Spazieren = to stroll (leisurely from what I can tell)

Wandern = to hike or wander

I'm not a native, but that's my best guess.


Regarding "Laufen": it is to run. it is only used in colloquial language in the meaning of "moving in any fashion" in some parts in Germany. In Bavaria and Austria for example it isn't used at all for "going around" (only for running)


Yes, my friends from Bavaria and Austria told me to only use "laufen" for running. They said using laufen for "to walk" makes no sense.


With that being true, what about "rennen?" Is there considered a difference between laufen and rennen?


Thank you :) Yeah it seems English has plenty of verbs for walking as well haha


Answer: "He is talking a walk with his father." is not correct. It must be "He is taking a walk with his father". TAKING and not TALKING...


I just reported this.


Still hasn't been fixed


He is taking a walk with his father isn't accepted! The correction is 'He is talking a walk with his father'. No Duolingo, you're wrong.


It's a basic question, but when the verb refers to an action of movement, wasn't the accusative form used in stead of the dative form?


That's only if it's a two-way preposition (like 'in': it could be either 'Er geht im Zimmer' "He walks in the room", or 'Er geht ins Zimmer' "He walks into the room").

'Mit' is not a two-way preposition; it only takes the dative case. Good question!


In addition, "mit" does not refer to the motion but to the fact that the subject is doing it "along with" someone else. That's why it doesn't ever need to take the accusative.


Hey! Great, I get it! Thanks a lot!!!


"Er geht mit seinem Vater spazieren" is the right German sentence. Nobody says in Germany: "er spaziert". I have reported it as a mistake.


Luke, ist das du?


You can't really translate that one word-for-word. It would be more natural to say, for example, "bist du es?".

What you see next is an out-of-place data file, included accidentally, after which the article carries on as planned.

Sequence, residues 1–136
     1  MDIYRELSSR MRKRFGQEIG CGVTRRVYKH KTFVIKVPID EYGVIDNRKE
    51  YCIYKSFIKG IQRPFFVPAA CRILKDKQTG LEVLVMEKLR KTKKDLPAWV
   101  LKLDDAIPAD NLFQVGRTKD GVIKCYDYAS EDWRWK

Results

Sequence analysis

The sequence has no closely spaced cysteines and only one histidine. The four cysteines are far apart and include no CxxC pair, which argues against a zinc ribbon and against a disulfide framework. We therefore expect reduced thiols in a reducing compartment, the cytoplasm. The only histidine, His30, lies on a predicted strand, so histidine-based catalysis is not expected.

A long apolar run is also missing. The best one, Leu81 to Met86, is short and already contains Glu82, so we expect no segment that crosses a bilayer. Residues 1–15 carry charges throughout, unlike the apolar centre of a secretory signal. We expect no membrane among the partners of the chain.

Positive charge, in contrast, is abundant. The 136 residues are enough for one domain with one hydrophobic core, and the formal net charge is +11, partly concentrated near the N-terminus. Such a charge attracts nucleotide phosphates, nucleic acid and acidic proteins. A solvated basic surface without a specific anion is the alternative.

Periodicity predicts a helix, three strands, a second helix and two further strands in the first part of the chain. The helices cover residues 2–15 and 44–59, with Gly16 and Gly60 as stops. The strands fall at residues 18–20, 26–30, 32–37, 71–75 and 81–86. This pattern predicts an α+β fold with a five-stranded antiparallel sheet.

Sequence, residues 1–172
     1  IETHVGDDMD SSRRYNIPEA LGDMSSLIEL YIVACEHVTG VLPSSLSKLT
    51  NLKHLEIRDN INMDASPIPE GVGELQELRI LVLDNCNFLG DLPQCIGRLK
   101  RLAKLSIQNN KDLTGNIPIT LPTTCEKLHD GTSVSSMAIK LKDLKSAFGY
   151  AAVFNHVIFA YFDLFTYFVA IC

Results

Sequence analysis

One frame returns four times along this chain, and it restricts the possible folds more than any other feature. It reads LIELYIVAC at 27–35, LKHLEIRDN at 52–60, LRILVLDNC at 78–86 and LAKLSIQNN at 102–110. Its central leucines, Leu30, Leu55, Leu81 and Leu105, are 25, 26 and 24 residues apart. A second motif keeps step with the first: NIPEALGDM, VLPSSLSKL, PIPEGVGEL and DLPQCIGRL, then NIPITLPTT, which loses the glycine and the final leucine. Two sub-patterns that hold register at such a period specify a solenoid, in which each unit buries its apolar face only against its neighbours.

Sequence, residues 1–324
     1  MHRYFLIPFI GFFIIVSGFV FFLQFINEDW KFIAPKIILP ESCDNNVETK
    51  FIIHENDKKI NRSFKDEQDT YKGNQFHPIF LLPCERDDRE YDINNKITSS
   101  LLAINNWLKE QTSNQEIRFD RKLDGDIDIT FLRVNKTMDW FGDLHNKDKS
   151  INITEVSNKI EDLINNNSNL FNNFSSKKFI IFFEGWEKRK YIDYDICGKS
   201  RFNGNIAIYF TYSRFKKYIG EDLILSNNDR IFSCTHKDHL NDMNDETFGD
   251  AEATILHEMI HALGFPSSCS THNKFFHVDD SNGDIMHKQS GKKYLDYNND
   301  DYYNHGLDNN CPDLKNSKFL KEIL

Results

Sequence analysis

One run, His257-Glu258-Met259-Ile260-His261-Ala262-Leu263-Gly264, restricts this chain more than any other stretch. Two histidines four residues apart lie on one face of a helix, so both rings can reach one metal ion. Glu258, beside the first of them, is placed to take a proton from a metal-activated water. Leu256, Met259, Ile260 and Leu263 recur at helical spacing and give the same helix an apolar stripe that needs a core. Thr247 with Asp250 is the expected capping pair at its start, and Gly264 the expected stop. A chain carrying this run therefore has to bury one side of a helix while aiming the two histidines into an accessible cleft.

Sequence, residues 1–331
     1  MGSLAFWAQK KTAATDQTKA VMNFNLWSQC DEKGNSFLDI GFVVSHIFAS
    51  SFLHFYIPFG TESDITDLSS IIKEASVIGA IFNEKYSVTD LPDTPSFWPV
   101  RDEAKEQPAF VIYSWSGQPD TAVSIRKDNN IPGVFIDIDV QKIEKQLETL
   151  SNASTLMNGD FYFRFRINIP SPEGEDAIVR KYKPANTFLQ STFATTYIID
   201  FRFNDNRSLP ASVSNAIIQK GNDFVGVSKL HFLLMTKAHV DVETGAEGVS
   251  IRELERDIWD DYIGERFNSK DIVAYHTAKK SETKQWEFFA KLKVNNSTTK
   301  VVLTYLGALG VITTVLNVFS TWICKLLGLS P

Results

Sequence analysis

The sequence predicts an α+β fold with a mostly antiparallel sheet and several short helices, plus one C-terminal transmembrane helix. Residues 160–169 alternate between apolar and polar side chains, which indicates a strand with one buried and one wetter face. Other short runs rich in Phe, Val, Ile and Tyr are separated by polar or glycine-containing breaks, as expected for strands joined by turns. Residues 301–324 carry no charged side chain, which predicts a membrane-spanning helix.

Why has duo removed the possibility of free text fields within the "report"? I have reported that I think the German sentence to be unnatural, but had no chance to explain why. Though it is grammatically possible, you would only very seldom (if ever) hear "er spaziert mit seinem Vater", but ratehr "er geht mit seinem Vater spazieren".


"He goes to a walk with his father" sounds unnatural in English?


yes, it does


I knew it was "Er spaziert" but I could only hear the man say "Es spaziert".


One of the mods told me that spazieren is never used as a verb. So should the correct translation of this be, "Er geht mit seinem Vater spazieren"?


It is not the case that it is never used as a verb, but it sounds rather old-fashioned. "Er geht mit seinem Vater spazieren" is by far the better translation.


Is this a sentence one would hear spoken at a funeral because the “he” is dead?


Why not "He goes for a walk with his father"?


Question about the use of mit here. In previous lessons I remember with the father being "beim Vater" now it is mit. Does this have to do with the verb action?


"Mit" is used to indicate that the subject is performing an action "along with" someone else. "Bei" usually has a reference to togetherness in place or time.


shouldn't seinem be seinen since the sentence shows action , i know it's dative case but it sounds accusative ...?


»Mit« does not refer to the action. It is always followed by the dative case regardless of the verb.


Why the hell "He takes a stroll with his Dad" was rejected?


"He strolls with his father." was accepted.


I think also Strolling around sounds better.


"He makes a walk" was counted wrong. Does anyone see a real difference between making a walk and taking a walk?


"Making a walk" doesn't make any sense in English. "Taking a walk" does.